Saginaw Bay Catch rates were a bit slow but a few walleye were caught in 18 feet of water off Linwood and 12 to 14 feet near the Pinconning Bar. Anglers have switched from body baits to crawler harnesses on bottom bouncers. A couple fish were taken off Jones Road and Finn Road. Walleye were taken in the lower Slot from Quanicassee north to Sunset Bay. Average catch were two to three fish per boat. The skid pier is now in at Quanicassee. Not much going on from Sebewaing to Bay Port. At Caseville, rumor has it some walleye were caught off the wall at night.
Saginaw River: Was still producing some walleye in the lower river. Anglers were trolling body baits near the Power Plants.
Tittabawassee River: Walleye were still being caught from Imerman Park downstream to Center Road and the confluence with the Saginaw River. The fish are clearly slipping back down the river but a fair number of fish remain. Smallmouth bass action has picked up. Anglers are catching and releasing lots of white bass because Community Health recommends not eating white bass from Saginaw Bay or its tributaries.
Quanicassee River: Catfish were just starting to bite even though it is a bit early yet.
Au Gres: Walleye were caught by those trolling crawler harnesses in 15 to 30 feet of water off the mouth of the river.
Au Gres River: Some walleye were caught by those surfcasting with body baits near the Singing Bridge. Most were fishing at night.
Outer Saginaw Bay:
Oscoda: Pier anglers are catching walleye in the early morning or late evening. Try crawlers, leeches, small spoons or body baits.
Au Sable River: Steelhead are on the beds between the mouth and the dam. High Banks has had the most angler activity, and produced the most catches. Fish can be found throughout the river so move around if one location becomes too crowded. Flies seem to work best but spawn and wax worms have also taken fish. Walleye are moving in and out of the river.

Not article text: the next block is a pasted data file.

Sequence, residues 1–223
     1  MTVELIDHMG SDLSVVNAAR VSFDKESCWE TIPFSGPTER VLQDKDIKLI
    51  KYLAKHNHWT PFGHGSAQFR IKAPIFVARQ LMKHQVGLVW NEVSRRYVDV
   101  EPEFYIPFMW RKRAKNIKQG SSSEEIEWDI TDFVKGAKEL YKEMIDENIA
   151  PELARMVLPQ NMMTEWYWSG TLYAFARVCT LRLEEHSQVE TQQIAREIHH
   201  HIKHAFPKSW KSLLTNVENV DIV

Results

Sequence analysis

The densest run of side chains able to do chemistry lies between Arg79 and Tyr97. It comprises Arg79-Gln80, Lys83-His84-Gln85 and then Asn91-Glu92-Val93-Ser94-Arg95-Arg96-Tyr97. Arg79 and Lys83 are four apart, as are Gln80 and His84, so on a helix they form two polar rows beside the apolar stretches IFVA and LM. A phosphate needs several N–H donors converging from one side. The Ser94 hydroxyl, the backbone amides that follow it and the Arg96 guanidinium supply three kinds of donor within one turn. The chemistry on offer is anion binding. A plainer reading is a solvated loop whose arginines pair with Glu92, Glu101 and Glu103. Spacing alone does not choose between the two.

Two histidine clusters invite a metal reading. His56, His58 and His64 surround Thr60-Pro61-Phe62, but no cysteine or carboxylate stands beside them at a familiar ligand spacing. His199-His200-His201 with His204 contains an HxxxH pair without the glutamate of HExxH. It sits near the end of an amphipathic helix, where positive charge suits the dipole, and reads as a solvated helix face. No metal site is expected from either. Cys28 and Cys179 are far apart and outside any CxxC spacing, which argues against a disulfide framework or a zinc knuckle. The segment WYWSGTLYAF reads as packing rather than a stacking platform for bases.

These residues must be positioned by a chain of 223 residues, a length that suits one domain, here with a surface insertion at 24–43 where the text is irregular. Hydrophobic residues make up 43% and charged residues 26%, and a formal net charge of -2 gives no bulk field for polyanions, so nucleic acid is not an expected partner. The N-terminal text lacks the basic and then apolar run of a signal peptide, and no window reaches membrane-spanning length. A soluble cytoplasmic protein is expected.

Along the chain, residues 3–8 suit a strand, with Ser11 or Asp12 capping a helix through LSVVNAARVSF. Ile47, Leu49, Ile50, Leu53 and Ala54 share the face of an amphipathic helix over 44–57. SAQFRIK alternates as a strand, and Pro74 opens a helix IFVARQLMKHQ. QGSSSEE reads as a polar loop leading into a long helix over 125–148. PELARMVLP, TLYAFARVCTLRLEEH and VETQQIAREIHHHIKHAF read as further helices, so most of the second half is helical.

Grindstone City: Had shallow water.
Tawas: Pier fishing was slow with the occasional bass, pike, or walleye caught. Boat anglers were getting a few walleye over near the artificial reef when vertical jigging or trolling body baits.
Tawas River: Shore anglers caught the odd bass or walleye in the lower river.
Weekly Fishing Tip: Using stick/body baits when fishing for trout
Trout season is well under way with many anglers using dry flies and spinners. But what if you’re interested in waging battle with the largest trout in the river? Have you considered using stickbaits or body baits?
Many avid trout anglers swear by using these types of lures if you’re looking to catch big stream trout. Stickbaits and body baits mimic the minnows and small fish many trout species love to eat.
Keep in mind you won’t catch large quantities of trout when you’re using this type of bait, but the ones you do find will be high quality and worth the effort. Consider fishing with lures you’d normally use when targeting bass and/or northern pike and stick with natural colors for the best chance of success.